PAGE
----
While lords, knights, and abbots had big tombs of their own, and their brasses were on the upper surface, the lesser people, the gentry and burghers and monks, could afford smaller ones laid directly into the floor of the church, in aisles or by the altar. They can still be found here in many parish churches, under an inconspicuous piece of carpet.
Over the course of the 1300s the mail coiffe
gave way to the bascinet
, but I am not here to discuss styles in armour
. The brasses gradually shrank from life size. The inscription around them in a rectangle tended to be replaced by inscribed plates at their feet.
By the mid 1400s a lot of artistic power started to be lost. Figures were stylised, and reduced to mere clothes horses. We see their costume and their arms accurately, but there is no longer any sense that the engraver knew or saw or cared about the original person depicted. Children were brought in: four boys and three girls would be just so many undifferentiated tiny figures praying by the side.
Instead of lying as if on a tomb the people were now depicted kneeling in prayer. This was particularly useful to show the ornate butterfly head-dress of the ladies.
Two curious practices came in in the later periods: skeletal or shrouded depictions, meant as a memento mori, and engraved during their lifetime. The other innovation was the showing of babies in swaddling clothes.
The troubles that came over all other aspects of England touched the brasses too. The religious fanatics under Henry VIII
and Edward VI
smashed church figures that looked like idol
s, and destroyed inscriptions or parts thereof that looked like intercession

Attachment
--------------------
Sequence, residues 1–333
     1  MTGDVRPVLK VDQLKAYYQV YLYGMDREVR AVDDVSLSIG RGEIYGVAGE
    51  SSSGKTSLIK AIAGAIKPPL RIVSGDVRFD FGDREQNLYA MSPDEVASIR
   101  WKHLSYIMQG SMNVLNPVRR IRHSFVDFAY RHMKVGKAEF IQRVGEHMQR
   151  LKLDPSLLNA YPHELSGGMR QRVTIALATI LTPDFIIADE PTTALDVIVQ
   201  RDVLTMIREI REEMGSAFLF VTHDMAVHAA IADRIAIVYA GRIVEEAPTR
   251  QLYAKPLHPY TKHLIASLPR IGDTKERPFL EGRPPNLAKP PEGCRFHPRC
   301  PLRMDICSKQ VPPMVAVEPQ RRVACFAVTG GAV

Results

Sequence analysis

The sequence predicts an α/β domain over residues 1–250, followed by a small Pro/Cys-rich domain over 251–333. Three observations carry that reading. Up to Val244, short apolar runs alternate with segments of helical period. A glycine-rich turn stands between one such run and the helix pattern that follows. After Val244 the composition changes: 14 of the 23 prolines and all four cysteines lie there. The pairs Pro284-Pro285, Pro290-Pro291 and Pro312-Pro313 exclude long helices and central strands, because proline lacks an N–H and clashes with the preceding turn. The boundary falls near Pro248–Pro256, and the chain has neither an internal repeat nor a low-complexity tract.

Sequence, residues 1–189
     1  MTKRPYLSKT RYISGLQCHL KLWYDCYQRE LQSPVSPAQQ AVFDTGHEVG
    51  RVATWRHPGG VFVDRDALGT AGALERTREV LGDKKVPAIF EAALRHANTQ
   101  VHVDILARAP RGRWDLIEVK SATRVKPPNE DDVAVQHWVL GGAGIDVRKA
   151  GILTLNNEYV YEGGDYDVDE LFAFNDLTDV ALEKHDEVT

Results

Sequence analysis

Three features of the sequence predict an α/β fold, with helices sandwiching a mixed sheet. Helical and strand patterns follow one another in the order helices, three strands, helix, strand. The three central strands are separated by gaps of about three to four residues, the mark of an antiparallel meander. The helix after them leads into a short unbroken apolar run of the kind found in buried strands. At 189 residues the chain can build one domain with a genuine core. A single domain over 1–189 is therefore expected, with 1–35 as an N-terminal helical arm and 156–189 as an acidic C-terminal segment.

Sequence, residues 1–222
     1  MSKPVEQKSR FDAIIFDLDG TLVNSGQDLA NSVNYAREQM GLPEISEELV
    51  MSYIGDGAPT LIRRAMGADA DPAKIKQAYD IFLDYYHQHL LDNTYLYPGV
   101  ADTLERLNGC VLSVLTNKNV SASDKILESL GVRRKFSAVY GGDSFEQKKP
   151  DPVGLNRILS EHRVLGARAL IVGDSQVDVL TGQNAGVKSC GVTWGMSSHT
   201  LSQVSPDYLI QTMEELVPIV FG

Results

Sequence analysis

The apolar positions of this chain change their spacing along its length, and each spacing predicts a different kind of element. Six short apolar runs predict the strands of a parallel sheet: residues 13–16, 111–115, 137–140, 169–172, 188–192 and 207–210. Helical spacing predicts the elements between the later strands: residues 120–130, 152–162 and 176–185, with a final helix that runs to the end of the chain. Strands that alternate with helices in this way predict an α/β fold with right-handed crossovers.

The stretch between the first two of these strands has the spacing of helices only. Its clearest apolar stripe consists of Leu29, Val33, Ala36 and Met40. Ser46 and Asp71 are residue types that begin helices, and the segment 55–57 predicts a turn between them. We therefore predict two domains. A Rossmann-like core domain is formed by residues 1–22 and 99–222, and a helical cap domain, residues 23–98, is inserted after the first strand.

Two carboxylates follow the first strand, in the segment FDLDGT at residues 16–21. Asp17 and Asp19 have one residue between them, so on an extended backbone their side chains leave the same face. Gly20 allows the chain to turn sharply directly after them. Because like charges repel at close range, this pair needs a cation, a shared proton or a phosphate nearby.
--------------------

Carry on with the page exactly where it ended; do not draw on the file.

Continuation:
: the formula Ora pro nobis
(Pray for us) was chiselled out on many. Then in the next century the Civil War
did so much more; then the modernising efforts of the 18th and 19th centuries to sweep away all the inconveniences of older styles. Whereas about 7500 now exist in some form in England, it is estimated that there might have been as many as 100 000: though mostly poor-quality repetitive ones of the Tudor period.
The last armoured figure depicted is from 1681. The last brasses of all are from the Greenwood family of St Mary Cray in Kent, poor scratched-in things: the last woman shown is Mrs Philadelphia Greenwood in 1747, and the last man Mr Benjamin Greenwood in 1773.
These days there's no way you're going to get to the original brass of Sir John Daubernoun, who is safely under perspex, but some of the important brasses have copies specifically for brass rubbing
. With minor ones in the parish church you just ask the vicar
for permission. The Church of St Martin-in-the-Fields
in central London has a good collection of replicas for tourists.
The substance traditionally used to make rubbings is heelball, a mixture of wax and lampblack used by cobblers to give a gloss to the sides of soles and heels. The earliest antiquaries to start collecting rubbings, from around 1780, tried filling them with ink and printing them!